A UM researcher explains how dust storms in Africa affect air quality in the U.S. and Caribbean.
By Marie Guma-Diaz
MIAMI, Fla. (September 23, 2013) —
You might find it hard to believe that dust clouds from the African Sahara can travel thousands of miles across the Atlantic Ocean, but it does every year and in large quantities.
In a recent study, Joseph Prospero, professor emeritus at the University of Miami Rosenstiel School of Marine and Atmospheric Science and collaborators at the University of Houston and Arizona State University found that the average air concentrations of inhalable particles more than doubled during a major Saharan dust intrusion in Houston, Tx.
The researchers were able to distinguish between particles transported across the Atlantic and those from local sources in the Houston region. In this way they established the “fingerprint” of the African dust. To their knowledge, this is the first study that isolates, differentiates, and quantifies the air contaminants in the U.S. during the incursion of African dust. There is a concern that the fine airborne dust particles could be a health problem for asthmatics and people with respiratory problems.
“Current EPA air quality standards are based on the total amount of particles that are in the air,” Prospero said. “Our study will contribute to our ability to discriminate and identify the dominant components in the air during long-range transport events. Our hope is that our work is instrumental in assisting regulatory agencies respond to health and environmental issues linked to African dust.”
The findings published in the journal of Environmental Science and Technology can also serve to address African dust intrusion in other affected regions of the world. For instance, the Caribbean Basin receives enormous quantities of African dust every year. In addition to its impact on air quality, an important factor for the Caribbean basin is the potential effect of Saharan air outbreaks on hurricane activity.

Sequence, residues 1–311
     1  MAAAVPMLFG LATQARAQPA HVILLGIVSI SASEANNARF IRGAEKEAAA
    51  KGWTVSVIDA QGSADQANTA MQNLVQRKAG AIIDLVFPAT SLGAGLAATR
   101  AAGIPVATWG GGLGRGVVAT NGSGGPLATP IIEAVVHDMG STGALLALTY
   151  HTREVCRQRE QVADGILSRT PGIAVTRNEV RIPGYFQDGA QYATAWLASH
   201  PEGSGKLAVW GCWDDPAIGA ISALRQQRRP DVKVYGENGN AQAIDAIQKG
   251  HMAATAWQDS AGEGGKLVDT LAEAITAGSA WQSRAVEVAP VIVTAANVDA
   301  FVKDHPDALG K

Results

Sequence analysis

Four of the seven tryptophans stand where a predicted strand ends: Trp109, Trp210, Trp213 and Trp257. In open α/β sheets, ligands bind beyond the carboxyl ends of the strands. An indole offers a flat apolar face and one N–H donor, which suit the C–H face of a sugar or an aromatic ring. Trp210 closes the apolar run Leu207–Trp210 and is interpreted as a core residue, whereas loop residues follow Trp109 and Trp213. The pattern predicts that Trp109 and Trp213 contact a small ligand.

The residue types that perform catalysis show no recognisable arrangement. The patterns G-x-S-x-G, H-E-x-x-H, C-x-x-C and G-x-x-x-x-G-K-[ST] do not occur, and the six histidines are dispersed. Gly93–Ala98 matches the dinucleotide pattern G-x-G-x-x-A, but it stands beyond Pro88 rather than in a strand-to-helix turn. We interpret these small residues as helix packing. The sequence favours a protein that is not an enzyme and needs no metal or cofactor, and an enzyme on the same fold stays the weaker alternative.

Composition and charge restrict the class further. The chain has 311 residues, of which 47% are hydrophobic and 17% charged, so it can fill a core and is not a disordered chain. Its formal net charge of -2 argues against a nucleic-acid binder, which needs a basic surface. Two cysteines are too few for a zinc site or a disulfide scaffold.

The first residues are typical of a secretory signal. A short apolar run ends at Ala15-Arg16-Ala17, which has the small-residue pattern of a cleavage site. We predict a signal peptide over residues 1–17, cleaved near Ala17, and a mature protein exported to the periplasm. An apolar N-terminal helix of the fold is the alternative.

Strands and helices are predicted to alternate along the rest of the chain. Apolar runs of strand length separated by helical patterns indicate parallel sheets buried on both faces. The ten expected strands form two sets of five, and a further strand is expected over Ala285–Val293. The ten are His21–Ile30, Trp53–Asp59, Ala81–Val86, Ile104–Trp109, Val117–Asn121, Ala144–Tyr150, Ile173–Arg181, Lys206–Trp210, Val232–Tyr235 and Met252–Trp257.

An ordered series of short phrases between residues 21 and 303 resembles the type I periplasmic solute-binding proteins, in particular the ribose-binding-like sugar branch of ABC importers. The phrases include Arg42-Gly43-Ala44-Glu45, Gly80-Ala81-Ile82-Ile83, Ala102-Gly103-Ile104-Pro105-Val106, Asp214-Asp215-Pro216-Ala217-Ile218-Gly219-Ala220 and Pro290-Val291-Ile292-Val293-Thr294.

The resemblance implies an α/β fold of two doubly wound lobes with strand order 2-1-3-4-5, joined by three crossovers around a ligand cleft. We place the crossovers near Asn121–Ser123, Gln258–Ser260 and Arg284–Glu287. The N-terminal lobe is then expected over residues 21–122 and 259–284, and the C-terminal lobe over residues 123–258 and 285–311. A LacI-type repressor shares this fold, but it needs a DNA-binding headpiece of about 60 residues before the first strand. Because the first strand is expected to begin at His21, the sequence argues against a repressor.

“African dust storms are associated with hurricane season because the meteorological situations that are involved with generating tropical cyclones are also associated with the generation and transport of dust,” Prospero said. “The dust emerges from the coast of Africa in a hot, dry, elevated layer – the Saharan Air Layer (SAL) following behind Easterly Waves from which tropical cyclones sometimes develop. The SAL interacts with the waves in a complex way, so that the relationship is not entirely clear. It is the subject of much ongoing research.”
Also, the dust suspended in the wind absorbs and scatters solar radiation. Less sunlight reaches the ocean surface resulting in cooler temperatures in the tropical Atlantic Ocean, the main area where hurricanes develop. Cooler ocean temperatures mean less energy for hurricanes to form and strengthen.
“Dust activity has been very intense this year and sea surface temperatures are unusually low,” Prospero said. “These may have been contributing factors to the unusually weak hurricane season this year.”
A better understanding of all the processes involved in Saharan air outbreaks would help create models that can predict future trends.
“The question is what happens with climate change,” Prospero said. “Although much of North Africa is expected to get drier, which would mean more dust, models can’t agree on whether the climate in the current major dust sources will get drier or wetter in the future. We are still trying to understand what drives these differences and the possible impacts.”
Prospero and his collaborator from the University of Puerto Rico make practical recommendations for the creation of a cooperative project that include long-term measurements of African dust occurrences in the Caribbean Basin, in a recent study published in the journal of American Meteorological Society. The scientists hope this collaborative effort will lead to a better understanding of the range and complexity of Saharan dust storms and the impact of African dust on climate and human health.
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